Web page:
Also new is a new tweak in the battle system. As you can imagine, being paired is not for free, so, in battle, you can choose to fight as one, dealing bigger damage; or 2 dealing different types of attacks and skills. And talking about skills (because we can't about a SE game without talking about magic) the games gives you skills through something called "genes" each time you kill an enemy, you have a chance of getting their genes, granting you an ability of their species to be equipped and be used in battle.

So yeah, pretty much SE managed to give everyone a bit of what they wanted/needed and delivering a top notch title, and all of this on the platform everyone though it was doomed for cheap and low quality .99 games.

Is it worth the asking price? I must admit I'm a bit stingy myself regarding the AppStore, but I can tell you, as a RPG fan myself, these are the BEST $12.99 you can invest in a game on the AppStore. Where you thinking about getting 13 other games? Don't! Get this one, and you won't regret it.

Monday, April 19, 2010

Review: IMO

Long time since I posted here and I don't want to abandon it (consider this a hobby) so I'll do a quick review about the game that is keeping me from making more reviews: IMO.

Yes, the 1st *real* MMORPG is finally in the AppStore, yes, it is a port from a korean mobile game, but this is so much fun, that who cares!

I say 1st because text based games doesnt really give the same feeling, and lobby based games are not as fun as open world where you can actually see everyone around.

Ok, now into the game. In IMO you get to choose 1 of 3 classes, mage, warrior or archer. Each with its own strengths and weaknesses, and a HUGE ammount of skills, going up to level 50. You start by distributing points into the different stats, but be warned, they're permanent and will affect you characters growth for the rest of the game, so be sure to check com2us' guides on that matter. After that a rather small screen for a bit of char customization, and you're thrown into the world.

So far the world is not complete, some shops are still closed, but the highest lvl maps go as far as lv 50 (the current cap) so don't get fooled by the map of the initial areas, there's much more underneath them, making the game have a huge ammount of contect from the start.
Additionally, Each 2 hrs there's a war amongst the 2 factions, where you get fame points and loot exchangeable for equips. other than that you can follow a (rather simple) storyline, and yes, grind. But the world is so involving, and there's so much people that soon you'll find yourself chatting, buying and selling and get even more into it.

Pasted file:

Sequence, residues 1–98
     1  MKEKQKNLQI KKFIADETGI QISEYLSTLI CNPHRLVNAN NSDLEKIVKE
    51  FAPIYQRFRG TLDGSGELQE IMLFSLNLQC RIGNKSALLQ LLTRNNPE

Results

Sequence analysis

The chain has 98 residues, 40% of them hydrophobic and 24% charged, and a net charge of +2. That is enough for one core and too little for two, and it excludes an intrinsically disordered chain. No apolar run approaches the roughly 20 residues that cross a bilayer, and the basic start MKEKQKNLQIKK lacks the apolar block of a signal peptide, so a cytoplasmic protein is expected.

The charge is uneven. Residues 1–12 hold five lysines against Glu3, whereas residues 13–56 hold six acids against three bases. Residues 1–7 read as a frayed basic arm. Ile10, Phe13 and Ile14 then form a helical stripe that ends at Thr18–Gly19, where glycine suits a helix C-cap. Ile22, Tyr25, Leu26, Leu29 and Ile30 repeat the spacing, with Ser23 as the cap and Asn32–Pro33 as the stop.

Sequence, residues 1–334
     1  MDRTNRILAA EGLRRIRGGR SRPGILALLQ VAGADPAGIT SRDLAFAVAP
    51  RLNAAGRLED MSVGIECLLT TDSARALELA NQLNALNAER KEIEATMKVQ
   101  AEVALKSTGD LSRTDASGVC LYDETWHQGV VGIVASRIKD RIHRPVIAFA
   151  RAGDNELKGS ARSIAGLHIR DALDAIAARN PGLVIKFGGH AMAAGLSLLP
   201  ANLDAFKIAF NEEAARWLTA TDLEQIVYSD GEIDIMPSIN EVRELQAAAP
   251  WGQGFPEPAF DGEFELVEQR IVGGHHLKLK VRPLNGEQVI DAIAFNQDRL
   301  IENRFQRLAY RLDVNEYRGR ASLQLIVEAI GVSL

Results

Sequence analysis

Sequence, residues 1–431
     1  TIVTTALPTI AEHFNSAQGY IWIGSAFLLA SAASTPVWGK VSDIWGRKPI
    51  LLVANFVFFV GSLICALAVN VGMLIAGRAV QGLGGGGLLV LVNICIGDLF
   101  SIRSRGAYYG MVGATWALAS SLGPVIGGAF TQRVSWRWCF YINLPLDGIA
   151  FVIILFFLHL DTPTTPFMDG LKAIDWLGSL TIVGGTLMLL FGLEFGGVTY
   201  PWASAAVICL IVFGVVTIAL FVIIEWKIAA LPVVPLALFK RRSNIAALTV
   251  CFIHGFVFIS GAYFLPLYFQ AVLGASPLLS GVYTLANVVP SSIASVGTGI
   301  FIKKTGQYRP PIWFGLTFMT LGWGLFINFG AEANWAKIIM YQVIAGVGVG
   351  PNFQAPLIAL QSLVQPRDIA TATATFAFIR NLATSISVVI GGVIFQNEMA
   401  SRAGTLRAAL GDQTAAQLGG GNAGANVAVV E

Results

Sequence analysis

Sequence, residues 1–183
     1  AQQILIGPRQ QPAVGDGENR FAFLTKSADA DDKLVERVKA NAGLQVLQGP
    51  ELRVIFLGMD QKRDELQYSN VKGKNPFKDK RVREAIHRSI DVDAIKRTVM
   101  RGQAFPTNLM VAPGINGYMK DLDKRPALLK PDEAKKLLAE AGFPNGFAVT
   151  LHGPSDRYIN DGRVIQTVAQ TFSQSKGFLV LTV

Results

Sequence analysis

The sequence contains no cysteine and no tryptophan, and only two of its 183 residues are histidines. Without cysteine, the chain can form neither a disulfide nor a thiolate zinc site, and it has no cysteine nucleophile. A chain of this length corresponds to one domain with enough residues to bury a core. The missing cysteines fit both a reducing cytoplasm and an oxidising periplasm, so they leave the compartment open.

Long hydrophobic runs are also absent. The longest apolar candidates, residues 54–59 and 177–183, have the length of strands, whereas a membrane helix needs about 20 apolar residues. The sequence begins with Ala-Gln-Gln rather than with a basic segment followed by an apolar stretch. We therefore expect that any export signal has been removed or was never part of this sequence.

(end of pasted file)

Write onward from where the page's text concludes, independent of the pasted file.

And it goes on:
It is rather hard to explain what makes a MMORPG any good, it is a genre you either like or you don't, due to the fact that it needs dedication (in the form of grinding and rare loot) but hell, if you're gonna get any MMO a chance, might as well be IMO, after all it IS free and you only need to pay if you feel like checking the market (not neccesary at all to enjoy the game, but a good source of money).

Sunday, April 11, 2010

Review: Bombardier's Guild

Yes yes, I know that's an old game, but sometimes they don't get the highlight they deserve, and I really think this one deserves a lot of it.

BG is in a genre in its own, it is unlike anything, but if I had to describe it would be like, Worms, 1 v 1, with physics on steroids. In actual description, the game consists of 2 cannons, one yours and one of the enemy, localized in opposed positions in space. You shoot trajectiles, which are... well, missiles that are affected by gravity (like every missile), so far, pretty straightforward, right? Well, it gets complicated when you add planets with their own gravity in the middle of them, and that affects the path of the trajectiles, by a lot.

To avoid spamming, you can only have 1 trajectile fired at a time, and you objective is to destroy the other cannon. Although it starts easy (campaign wise), in the end each cannon has 2 shields, so potentially you need to shoot it 3 times, but not only that, but 3 times with different power. You see, due to the gravity of the planets, the more the trajectiles are wiggling around the pace, the stronger they get, and you need that, as the shields, to be powered destoryed need a single, very powerful shot, which means you're gonna have to play with the planets to get a very powerful shot to win.

Simple concept, hard execution. But how does that play out? In a few words, it comes from easy to very hard (at least for me) but it never stops being addictive. So addictive that I've come up with the term "frustratingly addictive" as, sometimes you just see yourself getting killed once and another time, but that never stops you from coming back to get a little bit more.

The game itself has a very unique GUI, and it all works out as to immerse you into the BG's universe, where they treat you like a trainee climbing up the skill ladder, rating your skills, the power of your shots and the achievements you... well.. achieve. And god it is a big ladder, with 3 difficulties that you scale slowly, in the beginning it is just mission based, but in the end, not only you have to win, but to win enough so that your rating goes up and you can go on the next challenge.

And if that wasn't all, it also allows for same-screen vs play, delivering truly a complete package.

Yes, I know, this isn't my best review, but this isn't the easiest game to describe. There are so many elements in this game, that even if this review didnt convince you, you still should check out the lite, and if it did convince you, well, you're in for a blast.

Bottom line: if you like being challenged and you like getting addicted to games, this is by far, really worth the 1.99, if not, check the lite.

Lite Version
Full Version

Sunday, April 4, 2010

Review: Solomon's Keep

Have you ever been in one of those days, where you really don't wanna do what you have to, and just like to wander around looking for what to do next? Well, today is one of those days to me.